(by Sebastian Peyer) The burden of costs in civil litigation is considered of great importance to the incentives to recover damages in competition law. In particular, the ‘loser-pays’ rule that dominates European legal systems is thought to create significantly greater risks for prospective collective actions, in contrast to the American rule where each party is normally responsible for paying its own costs. The UK Competition Appeal Tribunal’s (‘CAT’) recent ruling on cost in Walter Hugh Merricks v MasterCard is therefore significant in thwarting an attempt to deviate from the loser-pays rule that is prevalent in English civil litigation and striking a balance between applicants’ and respondents’ interests. Earlier this year, the CAT rejected an application for an opt-out collective proceedings order (‘CPO’) under section 47B of the Competition Act 1998 (see my comment here). The question that the CAT still had to answer was who would bear the cost of that unsuccessful CPO application and to what extent are the actual costs incurred recoverable. In its decision, the CAT stressed that the loser-pays rule applies to CPO applications, but reiterated that the parties’ expenses must be proportionate in order to be recoverable. This means that parties cannot inflate their expenses to discourage would-be claimants. Read the rest of this entry »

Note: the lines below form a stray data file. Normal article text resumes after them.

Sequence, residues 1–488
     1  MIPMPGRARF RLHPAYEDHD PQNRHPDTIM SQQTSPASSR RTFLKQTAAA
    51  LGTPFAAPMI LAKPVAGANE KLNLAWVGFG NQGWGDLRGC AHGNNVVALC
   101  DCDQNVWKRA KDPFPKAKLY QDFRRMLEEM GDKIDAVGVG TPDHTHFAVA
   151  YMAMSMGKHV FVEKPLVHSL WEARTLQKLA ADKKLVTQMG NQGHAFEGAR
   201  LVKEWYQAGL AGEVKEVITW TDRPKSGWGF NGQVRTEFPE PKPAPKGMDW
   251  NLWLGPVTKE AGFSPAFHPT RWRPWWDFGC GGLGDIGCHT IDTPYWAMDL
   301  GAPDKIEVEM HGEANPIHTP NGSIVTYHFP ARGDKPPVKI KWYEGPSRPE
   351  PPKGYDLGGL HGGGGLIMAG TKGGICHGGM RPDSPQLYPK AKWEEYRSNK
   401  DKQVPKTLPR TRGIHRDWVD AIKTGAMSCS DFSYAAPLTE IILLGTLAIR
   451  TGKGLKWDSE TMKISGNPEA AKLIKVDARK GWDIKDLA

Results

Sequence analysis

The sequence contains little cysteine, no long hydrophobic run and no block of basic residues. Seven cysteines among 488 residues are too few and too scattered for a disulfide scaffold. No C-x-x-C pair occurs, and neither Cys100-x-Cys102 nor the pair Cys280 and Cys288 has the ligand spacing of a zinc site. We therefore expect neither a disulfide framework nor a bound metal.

(by Sebastian Peyer) The Consumer Rights Act 2015 significantly expanded the jurisdiction of the Competition Appeal Tribunal (‘CAT’). The Tribunal can now adjudicate stand-alone damages claims, award permanent and interim injunctions, allow opt-out collective proceedings (see previous blog post) and deal with claims in the new Fast Track Procedure (‘FTP’). Enforcement mechanisms prior to 2015 were ineffective for small and medium sized enterprises (‘SMEs’) because of the high cost associated with bringing such actions before the High Court and the narrow jurisdiction of the Competition Appeals Tribunal (‘CAT’) for follow-on damages actions. A comparative glance at Germany showed that claimants had a strong preference for simply stopping anti-competitive behaviour through an injunction, yet even this simple tool was considered costly and complex in England. Since the introduction of the 2015 Act, a number of claimants have applied for the fast track procedure and the CAT has awarded one injunction in the FTP (Socrates Training Limited v The Law Society of England and Wales). The FTP appears to be both effective at capping costs to reasonable levels and, more importantly, at providing a credible mechanism to encourage out of court settlements. Read the rest of this entry »